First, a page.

WAVES

INTERACTIVE SOUND INSTALLATION, 2007

DANIEL PALACIOS [ES]

 

How does sound move? A long piece of rope generates 
3D waves floating in space by the physical action of 
its movement: the rope which creates the visual waves 
also simultaneously creates the sound by cutting 
through the air, making up a single element.
The installation is affected by those who watch it. 
When the audience moves around it they influence the 
movements of the rope, generating visual and acoustic 
sound waves from harmonic patterns to complex ones. 
Depending on how we may act in front of it, according 
to the number of observers and their movements, it 
will pass from a steady line without sound to chaotic 
shapes of irregular sounds (the more movement there is 
around the installation) through the different phases of 
sinusoidal waves and harmonic sounds; examining the 
action-reaction principle applied to sound and space.
Due to its particular features, a space has a way of 
relating with sound, as sound is a series of compressions 
and decompressions which move through the air. The 
geometry of the space itself and the elements in it 
will influence the movements of the sound and finally 
our perception of it. This adds to the entire stationary 
system a chaos of infinite variables from the most 
minimal movement on our part, examining how we 
interpret our own position in a sonic landscape.
But even though this could seem like a mere 
representation of what we can’t see by ourselves, beyond 
the persistence of vision, it connects with our most visceral 
side, combining the intangible beauty of the represented 
graphic with the brutality of the sound it produces.

How does sound move? A long piece of rope generates 3D waves floating in space by the physical action of its movement: the rope which creates the visual waves also simultaneously creates the sound by cutting through the air, making up a single element.The installation is affected by those who watch it. When the audience moves around it they influence the movements of the rope, generating visual and acoustic sound waves from harmonic patterns to complex ones. Depending on how we may act in front of it, according to the number of observers and their movements, it will pass from a steady line without sound to chaotic shapes of irregular sounds (the more movement there is around the installation) through the different phases of sinusoidal waves and harmonic sounds; examining the action-reaction principle applied to sound and space.Due to its particular features, a space has a way of relating with sound, as sound is a series of compressions and decompressions which move through the air. The geometry of the space itself and the elements in it will influence the movements of the sound and finally our perception of it. This adds to the entire stationary system a chaos of infinite variables from the most minimal movement on our part, examining how we interpret our own position in a sonic landscape.But even though this could seem like a mere representation of what we can’t see by ourselves, beyond the persistence of vision, it connects with our most visceral side, combining the intangible beauty of the represented graphic with the brutality of the sound it produces.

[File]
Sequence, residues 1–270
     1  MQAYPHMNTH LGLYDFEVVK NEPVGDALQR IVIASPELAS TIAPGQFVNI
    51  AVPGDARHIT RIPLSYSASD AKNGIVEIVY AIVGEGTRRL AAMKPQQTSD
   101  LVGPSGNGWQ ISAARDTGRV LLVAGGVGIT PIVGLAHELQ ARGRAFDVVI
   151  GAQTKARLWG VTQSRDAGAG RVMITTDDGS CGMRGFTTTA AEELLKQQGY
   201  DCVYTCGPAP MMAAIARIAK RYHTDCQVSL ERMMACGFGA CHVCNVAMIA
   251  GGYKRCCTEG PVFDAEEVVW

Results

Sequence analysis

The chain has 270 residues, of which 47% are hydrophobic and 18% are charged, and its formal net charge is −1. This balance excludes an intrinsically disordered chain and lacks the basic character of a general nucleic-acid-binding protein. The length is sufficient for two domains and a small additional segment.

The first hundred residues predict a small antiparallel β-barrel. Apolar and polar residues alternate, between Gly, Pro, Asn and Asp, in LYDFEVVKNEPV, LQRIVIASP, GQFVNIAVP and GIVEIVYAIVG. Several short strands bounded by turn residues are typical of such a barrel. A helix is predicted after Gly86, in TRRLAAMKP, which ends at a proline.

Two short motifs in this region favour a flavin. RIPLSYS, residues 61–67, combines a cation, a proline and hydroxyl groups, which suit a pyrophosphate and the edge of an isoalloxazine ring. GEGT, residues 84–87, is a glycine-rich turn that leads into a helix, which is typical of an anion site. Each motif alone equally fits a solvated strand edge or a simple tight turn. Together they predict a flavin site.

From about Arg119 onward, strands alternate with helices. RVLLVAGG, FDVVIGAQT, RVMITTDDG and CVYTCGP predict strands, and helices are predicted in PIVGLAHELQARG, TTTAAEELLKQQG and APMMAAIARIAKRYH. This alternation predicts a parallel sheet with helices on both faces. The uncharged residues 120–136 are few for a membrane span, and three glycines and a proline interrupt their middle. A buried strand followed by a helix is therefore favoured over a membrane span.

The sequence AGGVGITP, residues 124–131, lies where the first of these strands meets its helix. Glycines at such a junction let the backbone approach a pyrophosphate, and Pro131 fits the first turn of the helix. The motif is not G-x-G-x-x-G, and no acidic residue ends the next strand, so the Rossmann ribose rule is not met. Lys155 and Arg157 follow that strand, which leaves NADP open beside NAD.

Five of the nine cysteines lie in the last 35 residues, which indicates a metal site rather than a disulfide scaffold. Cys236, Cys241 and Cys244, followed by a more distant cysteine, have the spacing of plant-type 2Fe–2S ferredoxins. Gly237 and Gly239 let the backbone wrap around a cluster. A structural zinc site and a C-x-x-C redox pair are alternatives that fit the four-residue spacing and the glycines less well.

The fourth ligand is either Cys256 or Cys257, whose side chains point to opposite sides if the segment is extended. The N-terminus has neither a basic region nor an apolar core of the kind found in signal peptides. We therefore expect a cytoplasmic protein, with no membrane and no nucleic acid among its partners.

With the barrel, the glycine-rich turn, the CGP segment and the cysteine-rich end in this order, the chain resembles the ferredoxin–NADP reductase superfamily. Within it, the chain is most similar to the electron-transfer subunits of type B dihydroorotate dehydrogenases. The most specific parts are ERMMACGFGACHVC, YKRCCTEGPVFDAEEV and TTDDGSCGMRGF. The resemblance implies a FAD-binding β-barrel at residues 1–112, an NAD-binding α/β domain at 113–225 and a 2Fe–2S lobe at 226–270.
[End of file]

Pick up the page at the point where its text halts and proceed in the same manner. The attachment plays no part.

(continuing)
WAVES

About the artist: 

Daniel Palacios creates machines that can scan and visualise the flow of visitors, or objects that communicate with their viewers by means of artificial intelligence. Viewed in terms of form alone, they are interactive artworks consisting of complexly functioning machinery with scarcely comprehensible software components. Beyond such technical aspects, however, the artist’s works are stirring inasmuch as they are concerned with extremely human, philosophical questions, about perception, memory, time and space. His works can be found in museums, festivals and art fairs of Europe, Asia and America, as well as edited in several specialized books and publications. Besides his artistic practice, he gives workshops and conferences on the combined use of technology and plastic arts.

DANIEL PALACIOS [ES]